THE "OLD SOLDIER"

by Charles Dudley Warner

The "old soldier" is beginning to outline himself upon the public mind as a distant character in American life. Literature has not yet got hold of him, and perhaps his evolution is not far enough advanced to make him as serviceable as the soldier of the Republic and the Empire, the relic of the Old Guard, was to Hugo and Balzac, the trooper of Italy and Egypt, the maimed hero of Borodino and Waterloo, who expected again the coming of the Little Corporal. It takes time to develop a character, and to throw the glamour of romance over what may be essentially commonplace. A quarter of a century has not sufficed to separate the great body of the surviving volunteers in the war for the Union from the body of American citizens, notwithstanding the organization of the Grand Army of the Republic, the encampments, the annual reunions, and the distinction of pensions, and the segregation in Soldiers' Homes. The "old soldier" slowly eliminates himself from the mass, and begins to take, and to make us take, a romantic view of his career. There was one event in his life, and his personality in it looms larger and larger as he recedes from it. The heroic sacrifice of it does not diminish, as it should not, in our estimation, and he helps us to keep glowing a lively sense of it. The past centres about him and his great achievement, and the whole of life is seen in the light of it. In his retreat in the Home, and in his wandering from one Home to another, he ruminates on it, he talks of it; he separates himself from the rest of mankind by a broad distinction, and his point of view of life becomes as original as it is interesting. In the Homes the battered veterans speak mainly of one thing; and in the monotony of their spent lives develop whimseys and rights and wrongs, patriotic ardors and criticisms on their singular fate, which are original in their character in our society. It is in human nature to like rest but not restriction, bounty but not charity, and the tired heroes of the war grow restless, though every physical want is supplied. They have a fancy that they would like to see again the homes of their youth, the farmhouse in the hills, the cottage in the river valley, the lonesome house on the wide prairie, the street that ran down to the wharf where the fishing-smacks lay, to see again the friends whom they left there, and perhaps to take up the occupations that were laid down when they seized the musket in 1861. Alas! it is not their home anymore; the friends are no longer there; and what chance is there of occupation for a man who is now feeble in body and who has the habit of campaigning? This generation has passed on to other things. It looks upon the hero as an illustration in the story of the war, which it reads like history. The veteran starts out from the shelter of the Home. One evening, towards sunset, the comfortable citizen, taking the mild air on his piazza, sees an interesting figure approach. Its dress is half military, half that of the wanderer whose attention to his personal appearance is only spasmodic.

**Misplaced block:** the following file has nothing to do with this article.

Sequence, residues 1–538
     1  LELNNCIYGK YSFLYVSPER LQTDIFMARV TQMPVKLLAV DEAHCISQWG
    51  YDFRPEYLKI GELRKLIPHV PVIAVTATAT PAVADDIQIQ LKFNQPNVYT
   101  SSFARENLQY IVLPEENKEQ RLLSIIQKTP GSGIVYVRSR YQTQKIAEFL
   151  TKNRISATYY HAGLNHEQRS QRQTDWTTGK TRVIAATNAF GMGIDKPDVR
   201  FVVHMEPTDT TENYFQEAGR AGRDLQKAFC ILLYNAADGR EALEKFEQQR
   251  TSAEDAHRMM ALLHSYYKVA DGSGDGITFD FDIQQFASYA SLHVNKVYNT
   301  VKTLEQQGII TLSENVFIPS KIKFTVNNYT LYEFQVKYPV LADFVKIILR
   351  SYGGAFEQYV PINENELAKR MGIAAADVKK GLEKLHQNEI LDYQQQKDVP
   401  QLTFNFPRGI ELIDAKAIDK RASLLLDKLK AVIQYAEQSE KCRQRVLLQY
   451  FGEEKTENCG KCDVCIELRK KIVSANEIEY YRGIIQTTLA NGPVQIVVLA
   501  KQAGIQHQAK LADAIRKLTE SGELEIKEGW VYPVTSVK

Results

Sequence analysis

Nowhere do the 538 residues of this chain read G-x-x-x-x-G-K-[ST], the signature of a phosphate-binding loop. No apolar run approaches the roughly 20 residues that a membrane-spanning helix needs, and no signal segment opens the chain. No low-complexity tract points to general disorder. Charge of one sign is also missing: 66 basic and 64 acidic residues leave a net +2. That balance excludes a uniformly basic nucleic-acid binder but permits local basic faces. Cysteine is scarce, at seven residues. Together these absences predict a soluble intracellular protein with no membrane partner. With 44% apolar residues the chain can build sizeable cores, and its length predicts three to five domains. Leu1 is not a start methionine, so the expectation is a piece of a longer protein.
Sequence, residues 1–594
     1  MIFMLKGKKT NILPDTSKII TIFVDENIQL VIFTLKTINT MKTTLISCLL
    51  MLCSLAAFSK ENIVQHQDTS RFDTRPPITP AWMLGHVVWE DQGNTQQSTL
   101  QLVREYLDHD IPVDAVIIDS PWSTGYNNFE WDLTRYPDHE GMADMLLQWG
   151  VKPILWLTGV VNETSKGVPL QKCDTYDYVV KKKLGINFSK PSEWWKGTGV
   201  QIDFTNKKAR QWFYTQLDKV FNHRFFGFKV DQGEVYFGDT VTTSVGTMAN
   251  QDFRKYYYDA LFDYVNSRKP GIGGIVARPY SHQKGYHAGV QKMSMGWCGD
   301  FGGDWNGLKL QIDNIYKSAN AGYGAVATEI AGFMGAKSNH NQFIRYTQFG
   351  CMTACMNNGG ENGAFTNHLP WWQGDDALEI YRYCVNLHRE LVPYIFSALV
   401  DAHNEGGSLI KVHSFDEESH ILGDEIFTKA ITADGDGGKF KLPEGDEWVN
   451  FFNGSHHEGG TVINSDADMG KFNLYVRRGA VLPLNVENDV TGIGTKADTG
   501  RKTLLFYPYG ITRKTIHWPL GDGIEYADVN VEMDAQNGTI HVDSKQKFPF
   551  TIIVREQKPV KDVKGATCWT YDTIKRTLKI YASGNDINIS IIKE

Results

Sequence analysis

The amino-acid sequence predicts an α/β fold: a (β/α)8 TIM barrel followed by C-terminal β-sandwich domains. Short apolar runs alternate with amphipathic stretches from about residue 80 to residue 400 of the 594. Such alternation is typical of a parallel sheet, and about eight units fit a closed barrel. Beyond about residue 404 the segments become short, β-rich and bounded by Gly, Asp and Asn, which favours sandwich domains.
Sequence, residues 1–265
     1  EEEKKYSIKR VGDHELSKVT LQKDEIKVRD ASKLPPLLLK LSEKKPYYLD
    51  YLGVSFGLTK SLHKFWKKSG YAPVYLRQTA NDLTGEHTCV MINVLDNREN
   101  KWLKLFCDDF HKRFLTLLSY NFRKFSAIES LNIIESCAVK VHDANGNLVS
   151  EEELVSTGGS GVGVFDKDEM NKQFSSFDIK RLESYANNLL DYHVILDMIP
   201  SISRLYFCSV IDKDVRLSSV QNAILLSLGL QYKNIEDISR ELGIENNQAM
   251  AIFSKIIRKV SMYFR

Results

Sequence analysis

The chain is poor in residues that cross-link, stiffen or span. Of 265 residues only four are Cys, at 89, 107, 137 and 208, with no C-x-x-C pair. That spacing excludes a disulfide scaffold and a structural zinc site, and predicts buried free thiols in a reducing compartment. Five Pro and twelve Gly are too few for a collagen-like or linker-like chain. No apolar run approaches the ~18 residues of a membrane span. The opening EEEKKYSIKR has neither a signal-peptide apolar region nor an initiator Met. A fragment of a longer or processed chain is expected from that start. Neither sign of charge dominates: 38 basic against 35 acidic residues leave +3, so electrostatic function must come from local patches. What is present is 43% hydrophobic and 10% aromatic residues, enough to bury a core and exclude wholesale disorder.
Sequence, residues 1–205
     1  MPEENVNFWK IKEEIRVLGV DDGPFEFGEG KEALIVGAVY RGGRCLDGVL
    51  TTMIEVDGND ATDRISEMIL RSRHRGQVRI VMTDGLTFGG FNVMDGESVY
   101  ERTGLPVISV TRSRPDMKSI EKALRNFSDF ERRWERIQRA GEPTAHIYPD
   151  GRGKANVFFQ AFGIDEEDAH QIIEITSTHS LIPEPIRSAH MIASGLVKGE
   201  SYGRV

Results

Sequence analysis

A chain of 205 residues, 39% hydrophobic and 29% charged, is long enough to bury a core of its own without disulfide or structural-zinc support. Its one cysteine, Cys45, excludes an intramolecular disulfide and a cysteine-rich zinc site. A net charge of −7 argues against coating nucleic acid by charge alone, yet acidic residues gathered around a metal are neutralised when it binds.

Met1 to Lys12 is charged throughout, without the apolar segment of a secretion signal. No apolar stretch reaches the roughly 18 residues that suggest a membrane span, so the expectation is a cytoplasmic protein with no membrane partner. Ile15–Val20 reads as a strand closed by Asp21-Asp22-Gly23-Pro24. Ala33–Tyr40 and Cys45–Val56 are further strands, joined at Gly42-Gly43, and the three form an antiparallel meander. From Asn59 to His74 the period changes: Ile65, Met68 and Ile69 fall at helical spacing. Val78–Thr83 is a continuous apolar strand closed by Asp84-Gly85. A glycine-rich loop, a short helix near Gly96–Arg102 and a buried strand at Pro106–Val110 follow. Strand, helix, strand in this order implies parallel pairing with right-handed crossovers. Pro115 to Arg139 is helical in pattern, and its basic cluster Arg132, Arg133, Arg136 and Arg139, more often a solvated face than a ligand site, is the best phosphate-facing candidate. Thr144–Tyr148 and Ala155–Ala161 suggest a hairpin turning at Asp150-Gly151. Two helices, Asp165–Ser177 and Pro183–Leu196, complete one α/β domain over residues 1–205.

The veteran gives the military salute, he holds himself erect, almost too erect, and his speech is voluble and florid. It is a delightful evening; it seems to be a good growing-time; the country looks prosperous. He is sorry to be any trouble or interruption, but the fact is?yes, he is on his way to his old home in Vermont; it seems like he would like to taste some home cooking again, and sit in the old orchard, and perhaps lay his bones, what is left of them, in the burying-ground on the hill. He pulls out his well-worn papers as he talks; there is the honorable discharge, the permit of the Home, and the pension. Yes, Uncle Sam is generous; it is the most generous government God ever made, and he would willingly fight for it again. Thirty dollars a month, that is what he has; he is not a beggar; he wants for nothing. But the pension is not payable till the end of the month. It is entirely his own obligation, his own fault; he can fight, but he cannot lie, and nobody is to blame but himself; but last night he fell in with some old comrades at Southdown, and, well, you know how it is. He had plenty of money when he left the Home, and he is not asking for anything now, but if he had a few dollars for his railroad fare to the next city, he could walk the rest of the way. Wounded? Well, if I stood out here against the light you could just see through me, that's all. Bullets? It's no use to try to get 'em out. But, sir, I'm not complaining. It had to be done; the country had to be saved; and I'd do it again if it were necessary. Had any hot fights? Sir, I was at Gettysburg! The veteran straightens up, and his eyes flash as if he saw again that sanguinary field. Off goes the citizen's hat. Children, come out here; here is one of the soldiers of Gettysburg! Yes, sir; and this knee you see I can't bend it much got stiffened at Chickamauga; and this scratch here in the neck was from a bullet at Gaines Mill; and this here, sir thumping his chest you notice I don't dare to cough much ?after the explosion of a shell at Petersburg I found myself lying on my-back, and the only one of my squad who was not killed outright. Was it the imagination of the citizen or of the soldier that gave the impression that the hero had been in the forefront of every important action of the war? Well, it doesn't matter much. The citizen was sitting there under his own vine, the comfortable citizen of a free republic, because of the wounds in this cheerful and imaginative old wanderer. There, that is enough, sir, quite enough. I am no beggar. I thought perhaps you had heard of the Ninth Vermont. Woods is my name Sergeant Woods. I trust some time, sir, I shall be in a position to return the compliment. Good-evening, sir; God bless your honor! and accept the blessing of an old soldier. And the dear old hero goes down the darkening avenue, not so steady of bearing as when he withstood the charge of Pickett on Cemetery Hill, and with the independence of the American citizen who deserves well of his country, makes his way to the nearest hospitable tavern.